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5 charts that show the massive growth of solar in 2012 [charts]

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Despite solar manufacturers’ struggles with bankruptcies and an oversupply problem this year, 2012 actually witnessed a dramatic growth in the world’s use of solar power. In particular the amount of solar panels installed on rooftops in the U.S. soared in recent quarters, helped by new financing models by companies like SolarCity and rock-bottom silicon prices — the main ingredient in solar panels.

In these 5 charts, we track the growth of solar power:

1). The amount of solar energy produced in the U.S. has risen 500 percent in 2012 alone, according to the Energy Information Administration.

2). The increase in solar production has to do in part with the growth of solar panel installation and capacity in the U.S. Solar panel installation is expected to rise nearly 70 percent this year, according to the Solar Energy Industry Association’s third-quarter report.

3). SolarCity’s (s SCTY) IPO in late 2012 was one of the rare success stories for solar and cleantech startups. While some solar stocks have taken hits this year — due to over supply and super low prices — SolarCity was able to go public and its stock rose 50 percent on its first day of trading. The company, which finances and installs rooftop solar panels, originally priced its shares lower than expected, but the company’s stock price remains relatively high.

4). The price of silicon — the main material in solar panels — has dropped by half in less than two years, making solar panels cheaper to produce and to buy. The low prices, in turn, have fueled the growth of solar panel installations.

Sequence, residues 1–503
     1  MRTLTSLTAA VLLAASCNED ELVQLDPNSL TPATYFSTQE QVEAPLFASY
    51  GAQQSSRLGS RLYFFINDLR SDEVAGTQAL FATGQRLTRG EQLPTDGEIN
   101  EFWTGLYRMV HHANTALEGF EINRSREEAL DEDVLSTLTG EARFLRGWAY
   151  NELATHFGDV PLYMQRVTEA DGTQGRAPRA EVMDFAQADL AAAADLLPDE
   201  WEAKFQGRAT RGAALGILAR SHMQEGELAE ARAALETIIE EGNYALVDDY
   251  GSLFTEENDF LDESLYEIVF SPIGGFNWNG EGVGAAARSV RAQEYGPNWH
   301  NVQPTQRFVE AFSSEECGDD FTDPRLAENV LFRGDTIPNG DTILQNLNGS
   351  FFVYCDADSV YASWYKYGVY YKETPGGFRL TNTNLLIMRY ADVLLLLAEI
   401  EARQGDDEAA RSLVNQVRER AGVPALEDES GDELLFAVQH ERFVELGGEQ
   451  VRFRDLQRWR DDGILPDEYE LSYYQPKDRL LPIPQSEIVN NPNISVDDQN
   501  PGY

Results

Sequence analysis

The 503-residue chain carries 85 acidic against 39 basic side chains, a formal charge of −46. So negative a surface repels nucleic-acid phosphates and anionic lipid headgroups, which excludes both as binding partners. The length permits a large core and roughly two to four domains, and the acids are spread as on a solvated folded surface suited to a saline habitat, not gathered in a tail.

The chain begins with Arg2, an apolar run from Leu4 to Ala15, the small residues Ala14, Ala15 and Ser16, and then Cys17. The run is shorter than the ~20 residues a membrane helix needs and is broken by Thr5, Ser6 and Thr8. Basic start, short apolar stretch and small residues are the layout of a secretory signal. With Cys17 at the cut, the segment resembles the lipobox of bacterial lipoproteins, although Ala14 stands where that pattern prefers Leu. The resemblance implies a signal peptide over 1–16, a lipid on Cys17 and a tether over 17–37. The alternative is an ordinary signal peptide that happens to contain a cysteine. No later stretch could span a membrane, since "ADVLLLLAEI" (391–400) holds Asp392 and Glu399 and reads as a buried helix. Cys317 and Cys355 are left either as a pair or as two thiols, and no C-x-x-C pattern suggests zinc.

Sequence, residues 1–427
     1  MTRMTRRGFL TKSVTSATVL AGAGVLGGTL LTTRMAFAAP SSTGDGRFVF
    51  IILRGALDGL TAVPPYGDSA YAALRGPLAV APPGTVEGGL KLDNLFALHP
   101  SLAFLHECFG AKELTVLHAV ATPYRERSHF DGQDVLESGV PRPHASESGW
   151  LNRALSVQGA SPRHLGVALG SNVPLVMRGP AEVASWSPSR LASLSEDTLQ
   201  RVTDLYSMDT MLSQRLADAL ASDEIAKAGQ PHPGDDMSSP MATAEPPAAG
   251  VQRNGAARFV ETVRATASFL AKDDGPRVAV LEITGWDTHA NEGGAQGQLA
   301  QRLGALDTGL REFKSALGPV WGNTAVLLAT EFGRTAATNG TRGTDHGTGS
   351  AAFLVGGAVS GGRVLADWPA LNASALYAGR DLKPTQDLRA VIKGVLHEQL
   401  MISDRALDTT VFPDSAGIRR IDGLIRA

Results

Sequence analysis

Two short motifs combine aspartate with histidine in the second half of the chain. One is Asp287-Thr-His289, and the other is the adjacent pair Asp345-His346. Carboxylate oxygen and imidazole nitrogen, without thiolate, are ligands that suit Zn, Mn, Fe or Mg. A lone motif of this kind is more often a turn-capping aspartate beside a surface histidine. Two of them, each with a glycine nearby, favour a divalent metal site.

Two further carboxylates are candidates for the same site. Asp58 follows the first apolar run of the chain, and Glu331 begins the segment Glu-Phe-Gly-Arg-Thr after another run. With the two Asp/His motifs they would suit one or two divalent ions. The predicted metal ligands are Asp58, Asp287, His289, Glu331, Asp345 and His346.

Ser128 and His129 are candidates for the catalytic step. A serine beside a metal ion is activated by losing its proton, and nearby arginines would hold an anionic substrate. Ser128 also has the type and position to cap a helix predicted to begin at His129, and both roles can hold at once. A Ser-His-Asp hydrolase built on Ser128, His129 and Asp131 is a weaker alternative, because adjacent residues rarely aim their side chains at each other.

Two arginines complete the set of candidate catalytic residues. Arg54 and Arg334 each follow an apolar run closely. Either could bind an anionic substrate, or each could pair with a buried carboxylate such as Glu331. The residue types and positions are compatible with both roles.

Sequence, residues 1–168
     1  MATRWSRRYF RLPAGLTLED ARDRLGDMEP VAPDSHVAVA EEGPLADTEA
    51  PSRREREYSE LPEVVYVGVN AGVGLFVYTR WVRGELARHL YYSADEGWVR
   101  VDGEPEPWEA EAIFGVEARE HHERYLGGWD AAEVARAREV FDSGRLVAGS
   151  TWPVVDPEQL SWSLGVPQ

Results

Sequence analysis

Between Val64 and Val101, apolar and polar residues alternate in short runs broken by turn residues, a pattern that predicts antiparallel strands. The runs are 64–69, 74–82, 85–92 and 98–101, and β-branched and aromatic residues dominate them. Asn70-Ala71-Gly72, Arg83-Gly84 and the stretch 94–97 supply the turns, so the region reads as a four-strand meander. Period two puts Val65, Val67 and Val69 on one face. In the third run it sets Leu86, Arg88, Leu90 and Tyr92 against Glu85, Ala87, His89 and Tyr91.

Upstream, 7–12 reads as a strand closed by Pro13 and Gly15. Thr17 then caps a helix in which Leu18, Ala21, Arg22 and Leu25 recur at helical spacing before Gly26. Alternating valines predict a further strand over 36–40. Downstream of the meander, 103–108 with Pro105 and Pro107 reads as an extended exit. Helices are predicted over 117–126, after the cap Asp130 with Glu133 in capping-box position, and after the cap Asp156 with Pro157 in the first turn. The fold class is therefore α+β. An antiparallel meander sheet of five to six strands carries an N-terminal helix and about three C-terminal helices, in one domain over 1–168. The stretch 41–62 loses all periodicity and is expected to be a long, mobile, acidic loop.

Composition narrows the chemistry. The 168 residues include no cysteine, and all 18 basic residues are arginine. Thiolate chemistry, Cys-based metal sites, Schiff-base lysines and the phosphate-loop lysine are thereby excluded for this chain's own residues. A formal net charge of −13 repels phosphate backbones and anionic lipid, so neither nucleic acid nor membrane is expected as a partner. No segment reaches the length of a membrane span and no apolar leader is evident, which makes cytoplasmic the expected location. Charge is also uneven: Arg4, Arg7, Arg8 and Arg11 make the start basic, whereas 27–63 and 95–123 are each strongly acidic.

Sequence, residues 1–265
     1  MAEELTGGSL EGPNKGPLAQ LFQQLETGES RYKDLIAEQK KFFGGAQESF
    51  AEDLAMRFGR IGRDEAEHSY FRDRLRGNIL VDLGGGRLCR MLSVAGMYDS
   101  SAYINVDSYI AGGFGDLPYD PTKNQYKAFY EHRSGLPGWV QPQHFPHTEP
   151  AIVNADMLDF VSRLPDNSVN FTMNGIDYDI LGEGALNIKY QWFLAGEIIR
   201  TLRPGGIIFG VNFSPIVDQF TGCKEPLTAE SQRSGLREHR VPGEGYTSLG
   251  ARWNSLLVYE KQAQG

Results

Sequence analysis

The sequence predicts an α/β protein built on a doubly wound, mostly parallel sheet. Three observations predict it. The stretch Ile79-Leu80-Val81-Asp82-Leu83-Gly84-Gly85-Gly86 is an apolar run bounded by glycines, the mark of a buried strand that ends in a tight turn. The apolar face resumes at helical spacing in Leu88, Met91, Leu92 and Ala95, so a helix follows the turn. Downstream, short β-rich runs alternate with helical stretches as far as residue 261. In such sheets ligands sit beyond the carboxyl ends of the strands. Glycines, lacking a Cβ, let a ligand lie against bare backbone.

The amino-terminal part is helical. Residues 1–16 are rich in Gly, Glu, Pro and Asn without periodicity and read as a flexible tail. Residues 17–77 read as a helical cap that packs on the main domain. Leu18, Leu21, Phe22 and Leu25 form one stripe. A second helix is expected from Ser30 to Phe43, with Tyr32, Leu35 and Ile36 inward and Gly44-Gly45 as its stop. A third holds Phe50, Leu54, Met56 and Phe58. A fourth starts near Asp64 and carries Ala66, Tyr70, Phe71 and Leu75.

5). As is common with new commodity industries that grow rapidly, solar cells and panels are now so cheap to produce and make that there’s an oversupply problem. According to SEIA, there’s now 70 GW worth of solar module manufacturing capacity, but the current world capacity for solar modules is only 31 GW.

8 Responses to “5 charts that show the massive growth of solar in 2012 [charts]”

  1. mytouchoftechnology

    Dollar General sells a sidewalk solar light for $1.00. The price is lower but the local government still works against anyone trying to generate any type of ‘electric’ Once that is fixed solar will take off. Bye-Bye PP&G

  2. mhenriday

    A pity that the graphs, with the exception of no 5 (and possibly no 4 ; no details are given), deal almost exclusively with the situation in the United States, which is hardly a major player in solar power. Graphs dealing with the global situation would have been far more informative….


  3. Thandanani

    This is indeed some good new as South Africa is signing deals with independent power producers for large scale solar projects. Lower prices will enables the technology to be adopted quicker.